Accounting firms have been plagued by reputational issues ever since the collapse of Arthur Andersen in 2002. Fast forward nearly two decades, and the focus has turned to what audit firms are doing to polish their tarnished images.
The facts surrounding Arthur Andersen—the poster child of accounting firm failures—are well known: In June 2002, Arthur Andersen was convicted of obstructing a federal investigation for destroying numerous documents relating to the audit of its client, Enron, a now-defunct U.S. energy-trading and utilities company, notorious for perpetuating one of the biggest accounting frauds in history. Although the Supreme Court reversed Arthur Andersen’s conviction, the damage had already been done, leading to its ultimate demise.
Since that time, numerous investigations and enforcement actions have rocked the audit profession in a sector that has been caught in a mess of high-profile corporate scandals. Whether by the U.S. Securities and Exchange Commission, the Department of Justice, the Public Company Accounting Oversight Board (PCAOB) or an international audit regulator, no audit firm has escaped reputational damage in some form.
Deficiencies around Internal Control Over Financial Reporting (ICFR), particularly, continue to be the bane of audit firms’ existence. “Although the number of deficiencies in testing controls that include a review element has decreased over the past few years, these deficiencies continue to be the most frequent findings observed when inspecting ICFR,” George Botic, director of inspections at the PCAOB, said in remarks on Dec. 12, 2018, at an American Institute of Certified Public Accountants conference.
Specifically, common themes in PCAOB inspection findings the past several years generally focus on the audit of internal control, with inspectors flagging such issues as failures to sufficiently test the design or operating effectiveness of certain controls; failures to identify and test controls that addressed identified risks; or failures to test the relevant criteria for revenue recognition. In its inspection reports, however, the PCAOB cautions against regarding deficiency rates as indicative of audit quality at firms, as the inspection process is intentionally geared toward finding problems in higher-risk audits.
“Remediation methods that have worked in the past to address deficiencies may not address current and future deficiencies. I encourage firms to look deeply and broadly to understand the reasons why findings continue to recur and to consider their post-issuance review procedures when deficiencies are identified.”
George Botic, Director of Inspections, PCAOB
“Remediation methods that have worked in the past to address deficiencies may not address current and future deficiencies,” Botic said. “I encourage firms to look deeply and broadly to understand the reasons why findings continue to recur and to consider their post-issuance review procedures when deficiencies are identified.”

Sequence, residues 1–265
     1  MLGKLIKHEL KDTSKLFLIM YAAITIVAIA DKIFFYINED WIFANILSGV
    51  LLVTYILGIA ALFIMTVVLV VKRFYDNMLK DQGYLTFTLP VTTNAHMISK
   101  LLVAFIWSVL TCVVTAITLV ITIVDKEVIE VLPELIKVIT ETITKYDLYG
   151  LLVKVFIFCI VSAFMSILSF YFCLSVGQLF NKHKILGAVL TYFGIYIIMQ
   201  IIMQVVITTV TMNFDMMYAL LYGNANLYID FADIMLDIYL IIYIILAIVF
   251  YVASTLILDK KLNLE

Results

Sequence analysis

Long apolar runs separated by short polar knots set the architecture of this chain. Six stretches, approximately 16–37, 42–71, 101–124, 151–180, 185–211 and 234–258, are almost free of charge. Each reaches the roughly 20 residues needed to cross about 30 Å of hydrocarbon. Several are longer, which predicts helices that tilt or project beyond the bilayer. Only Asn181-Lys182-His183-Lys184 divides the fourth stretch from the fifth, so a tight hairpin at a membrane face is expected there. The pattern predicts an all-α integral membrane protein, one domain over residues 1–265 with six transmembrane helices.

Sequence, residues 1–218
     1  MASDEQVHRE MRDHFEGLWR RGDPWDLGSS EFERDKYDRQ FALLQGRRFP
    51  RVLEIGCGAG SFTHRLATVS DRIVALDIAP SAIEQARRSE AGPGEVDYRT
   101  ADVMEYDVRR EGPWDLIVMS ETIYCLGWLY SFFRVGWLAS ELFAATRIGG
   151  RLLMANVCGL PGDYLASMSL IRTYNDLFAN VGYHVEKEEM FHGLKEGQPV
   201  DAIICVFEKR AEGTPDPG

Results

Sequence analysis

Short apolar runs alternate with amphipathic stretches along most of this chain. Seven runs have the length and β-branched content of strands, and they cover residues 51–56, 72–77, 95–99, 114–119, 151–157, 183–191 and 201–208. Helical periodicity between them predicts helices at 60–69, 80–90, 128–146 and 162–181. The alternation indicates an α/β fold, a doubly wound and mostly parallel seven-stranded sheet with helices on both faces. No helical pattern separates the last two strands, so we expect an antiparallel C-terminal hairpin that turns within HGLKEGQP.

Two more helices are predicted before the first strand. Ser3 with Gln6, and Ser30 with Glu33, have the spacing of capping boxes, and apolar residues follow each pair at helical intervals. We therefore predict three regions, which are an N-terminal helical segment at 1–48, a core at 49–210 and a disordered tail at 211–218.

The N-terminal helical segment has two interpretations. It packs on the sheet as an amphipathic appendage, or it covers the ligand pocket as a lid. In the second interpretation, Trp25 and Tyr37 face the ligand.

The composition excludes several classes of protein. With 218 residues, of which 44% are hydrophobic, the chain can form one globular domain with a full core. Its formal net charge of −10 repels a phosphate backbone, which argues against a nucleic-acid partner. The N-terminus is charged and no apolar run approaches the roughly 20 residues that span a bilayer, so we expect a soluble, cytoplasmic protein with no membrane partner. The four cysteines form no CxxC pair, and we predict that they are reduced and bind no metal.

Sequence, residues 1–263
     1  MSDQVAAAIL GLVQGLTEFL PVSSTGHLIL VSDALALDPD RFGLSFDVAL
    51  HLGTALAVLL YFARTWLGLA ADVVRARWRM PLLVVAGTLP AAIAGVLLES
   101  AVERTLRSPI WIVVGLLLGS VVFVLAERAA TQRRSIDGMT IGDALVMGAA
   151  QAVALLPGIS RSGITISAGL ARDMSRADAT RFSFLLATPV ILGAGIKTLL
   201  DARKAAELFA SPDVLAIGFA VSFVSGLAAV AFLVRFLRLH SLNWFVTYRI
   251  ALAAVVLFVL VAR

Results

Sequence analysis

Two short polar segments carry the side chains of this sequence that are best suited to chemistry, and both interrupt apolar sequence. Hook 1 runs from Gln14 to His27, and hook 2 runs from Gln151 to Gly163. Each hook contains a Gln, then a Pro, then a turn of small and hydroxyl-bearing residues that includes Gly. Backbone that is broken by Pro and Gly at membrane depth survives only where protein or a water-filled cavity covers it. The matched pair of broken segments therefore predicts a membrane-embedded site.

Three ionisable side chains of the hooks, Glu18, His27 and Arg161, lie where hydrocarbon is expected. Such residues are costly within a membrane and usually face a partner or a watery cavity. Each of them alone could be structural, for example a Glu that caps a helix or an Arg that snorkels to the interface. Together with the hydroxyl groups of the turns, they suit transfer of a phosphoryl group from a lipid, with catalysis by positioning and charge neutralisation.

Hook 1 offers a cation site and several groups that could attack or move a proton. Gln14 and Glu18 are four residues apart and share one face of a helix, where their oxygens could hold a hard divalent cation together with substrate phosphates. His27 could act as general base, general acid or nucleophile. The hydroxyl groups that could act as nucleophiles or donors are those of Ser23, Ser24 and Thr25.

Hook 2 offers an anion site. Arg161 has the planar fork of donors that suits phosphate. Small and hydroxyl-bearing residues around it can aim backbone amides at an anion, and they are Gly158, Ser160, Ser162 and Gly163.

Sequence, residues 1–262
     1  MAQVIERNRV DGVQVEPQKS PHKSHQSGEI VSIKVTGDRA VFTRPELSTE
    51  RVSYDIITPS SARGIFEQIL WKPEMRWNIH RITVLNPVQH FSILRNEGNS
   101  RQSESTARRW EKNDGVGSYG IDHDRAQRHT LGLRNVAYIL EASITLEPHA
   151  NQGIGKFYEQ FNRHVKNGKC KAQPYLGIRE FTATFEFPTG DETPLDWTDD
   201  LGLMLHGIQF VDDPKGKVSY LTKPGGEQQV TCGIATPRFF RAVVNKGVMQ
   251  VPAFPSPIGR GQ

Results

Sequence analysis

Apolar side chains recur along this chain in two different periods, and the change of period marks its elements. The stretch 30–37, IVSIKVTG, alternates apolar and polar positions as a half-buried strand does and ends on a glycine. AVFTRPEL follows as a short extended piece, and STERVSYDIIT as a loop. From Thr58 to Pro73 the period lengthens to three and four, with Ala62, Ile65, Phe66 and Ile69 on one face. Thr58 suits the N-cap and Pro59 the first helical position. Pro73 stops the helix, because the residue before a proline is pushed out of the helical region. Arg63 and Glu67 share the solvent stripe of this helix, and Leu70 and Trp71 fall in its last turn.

The audit firm with one of the poorest deficiency rates is not among the Big 4. In the PCAOB’s 2016 report, 67 percent of mid-tier firm BDO USA’s audits examined failed to comply with standards. Among the 24 audits selected for inspection, the PCAOB said it found multiple problems in 16 of those audits. Across the 16 audits, inspectors called out nearly 100 separate violations of auditing standards, including 38 separate instances of failing to comply with Auditing Standard No. 5, which governs the audit of ICFR.
A spokesperson for BDO USA says the firm “does not comment on PCAOB inspection reports beyond our official response to the PCAOB contained in the report.” Even in the report, however, BDO USA doesn’t say much, only vaguely stating that it has “evaluated each of the matters” and has “taken appropriate actions.”
In one recent case, the SEC in October 2018 suspended three former BDO USA auditors over allegations of backdating audit work papers when an engagement team fell behind and couldn’t meet filing deadlines. BDO USA tells Compliance Week that it is “committed to audit quality and continuous improvement” and “regularly dedicates time and resources to the ongoing enhancement of our quality control programs and the audit services we provide our clients.”
Among the Big 4, KPMG has had an especially tumultuous few years. In its 2017 inspection report of KPMG, released in January 2019, the PCAOB highlighted several ongoing deficiencies with KPMG’s audits. Specifically, among the 52 engagements it inspected, the PCAOB said it found deficiencies in 26 of those audits, which suggests, generally, that auditors did not obtain enough evidence to support the opinions they issued, the PCAOB said.
Additionally, the PCAOB published new inspection findings for KPMG for 2016 and 2017, in addition to revised inspection reports for 2014 and 2015 to disclose certain quality control criticisms that it determined the firm did not sufficiently remediate within 12 months of the original publication of those reports (the 12 months ended Oct. 15, 2016, and Nov. 9, 2017, respectively).
The PCAOB’s long-delayed reports cast new light on an information leak orchestrated by KPMG employees that compromised the regulatory inspection process. In January 2018, the Justice Department and SEC brought charges—including for fraud and conspiracy—against the highest levels of KPMG’s U.S. audit leadership, along with a staff member at the PCAOB. According to the SEC orders and Justice Department indictments, former PCAOB staff members hired at KPMG transferred confidential inspection-related information that gave KPMG auditors opportunities to shore up audit files in advance of PCAOB inspections.
It was KPMG that first alerted the PCAOB and SEC of this conduct when it was reported through an internal source in February 2017. This prompted the PCAOB to alter its 2016 KPMG inspection findings, ultimately finding deficiencies in 22 of the 51 total engagements (43 percent) covered by the 2016 report.
In a letter responding to the PCAOB, KPMG noted that it has since dismissed the employees who inappropriately used the PCAOB’s confidential information. “The conduct of these individuals was contrary to the firm’s code of conduct, what we expect and demand of our people, and intolerable,” KPMG said.
KPMG also described extensive remedial measures in its report to the PCAOB, including enhanced supervision and review, a new approach to engagement monitoring, investments in new technology, and new leadership.